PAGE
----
The Horrid Mysteries Revisited

Cologne Curiosities: The Unknown Krautrock Underground 1972-1976 (MENTAL EXPERIENCE MENT005) is another outing for the recordings made by English producer Toby Robinson when he was working in Cologne in the 1970s. Using the Dieter Dierks studio during downtime, he produced a series of records for his own Pyramid label, issuing the LPs with cover paintings produced I think by local art students. Robinson played on a number of these projects, and the largely unknown musicians were swapped around between bands much like a Kosmische Wrecking Crew. Some of the Pyramid label records were reissued around 1996-97 by Gary Ramon on his Psi-Fi imprint, and indeed we noted them in issue #2 of TSP magazine. Around the same time, Trevor Manwaring was compiling tracks for the Virgin compilations Unknown Deutschland – The Krautrock Archive. It was at a time when there was a lot of interest in rediscovering krautrock in the UK. Some experts in the field had their doubts that the records were even genuine, but I think this myth has now been dispelled. I’d go so far as to ask myself how “unknown” these bands really are now, given that this is the third reissue programme for this music (and Mental Experience promise more to come).

The Astral Army – in their themes, not unlike Gong making wild claims about the power of radio waves and space travel. In sound, they made a heavy-handed rock pounding with excessive lead guitar noodling, and a singer who seems to be imitating Iggy for no good reason. Score 1 so far for a typically stodgy 70s Germanic sausage-fest…

Spirulina features the keyboard player Manfred Hof who also played on the Golem record from this label. ‘The Message’ is a superb piece of Pink Floyd exploratory drifting with a lush string-synth drone. Wisely, the band stay in the same place pretty much for ten mins, with some slightly more energetic freaking out as they reach a stargate dimensional warp at the end. What message is vouchsafed on this instrumental noodle? None at all, and I’m grateful for that.

Chronos were a three-piece of guitar-bass-drum nobodies which Toby Robinson used as a platform for his far-out synth burblings on ‘Schaudernacht’. Robinson soars like an analogue flying squirrel over the ancient rooftops of Cologne, but the guitarist isn’t doing the music many favours with his insistent strums and riffs, which eat up most of the available ether. Even so, there’s an urgency to this one that could easily have passed muster with the most astringent and austere New Wave band of 1979.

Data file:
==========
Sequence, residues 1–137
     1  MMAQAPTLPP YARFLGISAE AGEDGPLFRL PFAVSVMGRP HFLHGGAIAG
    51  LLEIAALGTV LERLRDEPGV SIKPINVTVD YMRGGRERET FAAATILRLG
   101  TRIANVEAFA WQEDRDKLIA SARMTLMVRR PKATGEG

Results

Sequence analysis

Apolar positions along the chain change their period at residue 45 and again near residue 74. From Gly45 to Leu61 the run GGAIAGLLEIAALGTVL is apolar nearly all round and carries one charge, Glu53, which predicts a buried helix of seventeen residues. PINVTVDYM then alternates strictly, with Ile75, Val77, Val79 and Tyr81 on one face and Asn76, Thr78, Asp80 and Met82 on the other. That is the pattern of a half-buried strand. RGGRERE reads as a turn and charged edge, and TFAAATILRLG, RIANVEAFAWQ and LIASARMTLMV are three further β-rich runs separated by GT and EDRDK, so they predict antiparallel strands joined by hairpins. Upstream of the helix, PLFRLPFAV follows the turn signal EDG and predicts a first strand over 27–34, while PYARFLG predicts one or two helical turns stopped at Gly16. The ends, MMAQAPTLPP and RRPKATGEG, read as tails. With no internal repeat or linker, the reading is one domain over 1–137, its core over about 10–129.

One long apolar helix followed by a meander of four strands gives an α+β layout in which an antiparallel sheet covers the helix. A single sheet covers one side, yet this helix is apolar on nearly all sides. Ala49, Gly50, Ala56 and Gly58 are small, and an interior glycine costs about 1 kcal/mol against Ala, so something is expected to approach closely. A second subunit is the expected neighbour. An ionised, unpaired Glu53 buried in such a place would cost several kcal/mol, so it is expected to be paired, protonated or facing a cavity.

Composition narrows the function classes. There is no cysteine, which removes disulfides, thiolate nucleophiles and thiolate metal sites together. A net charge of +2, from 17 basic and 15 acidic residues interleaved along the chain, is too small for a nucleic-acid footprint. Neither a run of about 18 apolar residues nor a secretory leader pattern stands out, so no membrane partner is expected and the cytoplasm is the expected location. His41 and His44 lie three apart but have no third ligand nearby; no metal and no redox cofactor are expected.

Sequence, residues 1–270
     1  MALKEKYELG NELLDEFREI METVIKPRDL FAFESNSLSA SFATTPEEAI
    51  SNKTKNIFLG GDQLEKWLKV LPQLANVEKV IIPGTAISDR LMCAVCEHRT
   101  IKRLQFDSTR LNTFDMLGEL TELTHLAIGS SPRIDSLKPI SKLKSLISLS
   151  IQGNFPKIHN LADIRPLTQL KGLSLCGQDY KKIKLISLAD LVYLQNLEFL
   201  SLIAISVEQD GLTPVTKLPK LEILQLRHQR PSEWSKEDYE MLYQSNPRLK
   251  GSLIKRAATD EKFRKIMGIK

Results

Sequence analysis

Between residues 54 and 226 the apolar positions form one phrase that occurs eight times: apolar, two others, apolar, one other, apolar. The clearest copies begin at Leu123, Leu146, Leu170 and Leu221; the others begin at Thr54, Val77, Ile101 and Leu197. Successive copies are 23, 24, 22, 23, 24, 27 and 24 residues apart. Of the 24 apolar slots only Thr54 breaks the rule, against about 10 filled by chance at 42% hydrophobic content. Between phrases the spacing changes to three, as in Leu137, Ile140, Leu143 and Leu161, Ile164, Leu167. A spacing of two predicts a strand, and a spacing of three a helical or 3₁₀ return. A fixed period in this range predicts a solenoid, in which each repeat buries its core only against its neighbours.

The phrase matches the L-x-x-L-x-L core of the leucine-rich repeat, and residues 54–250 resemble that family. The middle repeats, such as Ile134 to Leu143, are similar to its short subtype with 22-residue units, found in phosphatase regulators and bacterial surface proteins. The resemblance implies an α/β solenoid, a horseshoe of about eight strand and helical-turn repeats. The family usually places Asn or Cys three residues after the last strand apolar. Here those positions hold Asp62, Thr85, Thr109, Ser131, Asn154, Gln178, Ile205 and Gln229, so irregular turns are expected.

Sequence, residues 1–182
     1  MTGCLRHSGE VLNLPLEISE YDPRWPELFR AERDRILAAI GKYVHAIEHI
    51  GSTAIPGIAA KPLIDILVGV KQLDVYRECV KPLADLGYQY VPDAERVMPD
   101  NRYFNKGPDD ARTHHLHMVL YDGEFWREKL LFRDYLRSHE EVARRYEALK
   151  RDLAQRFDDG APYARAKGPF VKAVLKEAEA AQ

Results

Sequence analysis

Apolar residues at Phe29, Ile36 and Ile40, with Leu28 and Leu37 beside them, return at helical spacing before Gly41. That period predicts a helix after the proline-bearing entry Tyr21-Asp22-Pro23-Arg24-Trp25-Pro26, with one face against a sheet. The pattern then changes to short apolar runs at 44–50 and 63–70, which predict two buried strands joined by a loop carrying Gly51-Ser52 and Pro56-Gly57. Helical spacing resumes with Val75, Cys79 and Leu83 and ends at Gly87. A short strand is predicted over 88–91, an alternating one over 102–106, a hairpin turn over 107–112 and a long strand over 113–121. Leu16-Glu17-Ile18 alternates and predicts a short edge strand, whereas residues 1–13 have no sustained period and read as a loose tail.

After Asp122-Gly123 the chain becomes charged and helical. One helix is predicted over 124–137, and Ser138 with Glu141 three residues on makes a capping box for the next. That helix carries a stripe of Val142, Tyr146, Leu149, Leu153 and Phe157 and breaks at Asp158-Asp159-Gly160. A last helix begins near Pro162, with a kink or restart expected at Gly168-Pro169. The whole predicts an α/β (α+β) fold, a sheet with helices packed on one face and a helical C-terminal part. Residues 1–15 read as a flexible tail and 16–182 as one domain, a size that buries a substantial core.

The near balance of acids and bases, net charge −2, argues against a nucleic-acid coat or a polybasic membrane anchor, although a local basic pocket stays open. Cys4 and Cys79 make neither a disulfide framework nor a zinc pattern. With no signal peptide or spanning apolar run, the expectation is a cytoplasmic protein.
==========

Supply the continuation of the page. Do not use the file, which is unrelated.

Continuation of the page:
On ‘Feuerwerk’, Neil Andersen gives free expression to his soul through a solo guitar and synth turn, overdubbing himself as needed. Can’t resist saying that as a “firework” it’s a very damp squib. Not enough structure or inherent melody to this soggy morass for my ears. But the overall sound is strangely pleasing. With his meandering burbles, Andersen might have found a home in MIMEO that sprawling improv orchestra of the early 2000s, whose music resembles this in a superficial way.

Baal features members of Spirulina and Chronos, showing how the Pyramid label could build “house bands” through interchangeable versatile players. Their song ‘No God / Astaroth’ stands out on this comp for its coarse, snarly textures – it’s a blues-based growl presumably containing some lament of protest about society’s restrictions. They may have had Edgar Broughton Band in mind as a model, yet it also emerges inadvertantly as one of Viv Stanshall’s blues-inflected parodies. The weedy keyboard soloing is quite at odds with the aggressive push of this boozy grunt-a-fest.

Ten To Zen is the band for you if you snarfed up this comp in hopes of feeding your Tangerine Dream fixation. This band comprised three synth players, Dieter Ruf, Henni Gatjens, and Jan Klaska. Their ‘Innerst’ thus stands alone in this company for being all-electronic, but the fellows also have a strong rapport as a team, and their three machines – hopefully those enormous Moogs that were housed in mahogany cabinets – lock together in a satisfying cosmic throb. Ten To Zen also were capable of nuances and delicacy in their tonal shadings, an achievement which it’s hard to attach to most of the other thumpers on this label.

Fuerrote sees Neil Andersen back in action, this time teaming up with Toby Robinson and the guitarist Hans Lorenzen. Their ‘Ganz Wie Due Willst’ is one of the stronger sets on the record, has more by way of dynamic change and illogical shifts in mood, and generally casts the same sort of grisly hue as The Nazgul, which was one of the darker-themed Robinson projects from this period. The trio work themselves into a genuinely unsettling and uncertain place through their stately, free-form explorations, enhanced by just the right amount of studio effects.

These seven cuts can be yours to savour yet again, on double vinyl LP or CD. Remastered by Toby Robinson and with liner notes by Alan Freeman. From 6th October 2016.

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